Our “10 Questions” series asks the same questions to a diverse group of professionals in the medical imaging community.
Here, we profiled Jonathan Flug, MD, MBA.
1. Please state your name, title and the organization you work for.
Jonathan Flug. I am currently a junior faculty member of the musculoskeletal section in the department of radiology at the University of Colorado Denver School of Medicine. I am now the immediate past chair of the American College of Radiology's Resident and Fellow Section. This opportunity has opened up the door for involvement in multiple committees within the ACR and within the other various radiological societies.
2. How did you get where you are today?
I had an interest in leadership and organized medicine beginning in medical school where I was enrolled in a dual degree MD/MBA program and was involved with the American Medical Association’s Resident and Fellow Section. I actively sought out opportunities within the ACR and the state radiological society once I began radiology to achieve my desired goals. The true key was developing mentors, both at the attending level and trainee level, who began to trust me and knew they could count on me when they needed something done. Too many residents today turn down opportunities because they are afraid to take on commitments. As Dr. Orlando Ortiz, the chair of my radiology residency program, told me early on in my training, “Never underestimate the power of yes.”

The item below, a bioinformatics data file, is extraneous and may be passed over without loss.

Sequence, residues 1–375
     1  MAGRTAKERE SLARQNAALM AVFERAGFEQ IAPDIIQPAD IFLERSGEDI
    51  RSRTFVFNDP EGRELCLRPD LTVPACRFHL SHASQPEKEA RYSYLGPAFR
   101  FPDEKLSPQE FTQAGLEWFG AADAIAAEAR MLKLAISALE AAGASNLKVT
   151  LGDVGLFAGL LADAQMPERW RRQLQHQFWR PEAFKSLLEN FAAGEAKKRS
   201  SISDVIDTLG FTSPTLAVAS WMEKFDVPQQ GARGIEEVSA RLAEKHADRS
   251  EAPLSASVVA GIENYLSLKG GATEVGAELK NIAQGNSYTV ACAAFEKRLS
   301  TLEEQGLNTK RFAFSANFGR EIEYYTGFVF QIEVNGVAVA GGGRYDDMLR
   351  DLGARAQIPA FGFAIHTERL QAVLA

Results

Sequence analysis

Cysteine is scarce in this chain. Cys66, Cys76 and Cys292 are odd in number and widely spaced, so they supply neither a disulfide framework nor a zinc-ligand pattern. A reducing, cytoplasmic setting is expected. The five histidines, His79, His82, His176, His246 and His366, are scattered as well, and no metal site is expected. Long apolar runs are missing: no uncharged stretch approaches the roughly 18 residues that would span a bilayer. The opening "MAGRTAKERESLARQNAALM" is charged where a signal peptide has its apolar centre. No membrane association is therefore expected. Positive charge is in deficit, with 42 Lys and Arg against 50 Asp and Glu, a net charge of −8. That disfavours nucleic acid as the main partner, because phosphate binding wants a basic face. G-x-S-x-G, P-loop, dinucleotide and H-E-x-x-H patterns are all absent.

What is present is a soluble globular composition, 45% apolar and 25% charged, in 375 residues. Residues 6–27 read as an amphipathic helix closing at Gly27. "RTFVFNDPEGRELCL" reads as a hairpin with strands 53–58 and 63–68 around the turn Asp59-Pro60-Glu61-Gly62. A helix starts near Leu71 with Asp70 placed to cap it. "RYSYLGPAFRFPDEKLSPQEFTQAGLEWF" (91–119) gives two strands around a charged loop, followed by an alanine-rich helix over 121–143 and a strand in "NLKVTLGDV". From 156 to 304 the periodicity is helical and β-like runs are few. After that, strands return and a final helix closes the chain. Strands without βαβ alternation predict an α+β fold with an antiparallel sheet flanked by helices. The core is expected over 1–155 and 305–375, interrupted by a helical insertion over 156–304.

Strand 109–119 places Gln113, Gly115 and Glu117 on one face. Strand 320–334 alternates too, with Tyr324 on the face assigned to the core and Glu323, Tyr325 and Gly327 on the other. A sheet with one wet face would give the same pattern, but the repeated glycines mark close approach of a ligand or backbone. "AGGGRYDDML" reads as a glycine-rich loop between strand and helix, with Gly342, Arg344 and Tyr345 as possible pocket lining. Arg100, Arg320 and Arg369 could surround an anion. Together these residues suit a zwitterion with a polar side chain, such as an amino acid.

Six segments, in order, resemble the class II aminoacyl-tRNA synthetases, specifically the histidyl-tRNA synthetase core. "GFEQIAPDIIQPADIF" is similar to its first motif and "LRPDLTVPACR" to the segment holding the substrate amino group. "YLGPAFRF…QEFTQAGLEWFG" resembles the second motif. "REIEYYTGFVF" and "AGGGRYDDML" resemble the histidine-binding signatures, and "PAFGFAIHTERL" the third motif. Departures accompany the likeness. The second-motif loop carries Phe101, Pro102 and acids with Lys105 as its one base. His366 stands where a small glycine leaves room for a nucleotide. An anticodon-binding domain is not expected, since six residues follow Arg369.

3. Why did you choose your profession?
I knew I wanted to work in healthcare the day my father, who was a dentist, came to my elementary school class and taught us about brushing and oral hygiene. Once in medical school, I began to notice a lot of the negativity in various departments of the hospital. On the contrary, the radiologists were some of the happiest physicians in the hospital. Visiting the radiology department was a nice break from the daily grind on medicine, surgery, ob gyn and pediatrics. When I was finally sitting down to make my decision, I realized that radiology gave me the opportunity to impact the greatest number of patients on a daily basis in a positive way and allowed for a degree of career flexibility that other subspecialties could not provide.
4. What is your biggest day-to-day challenge?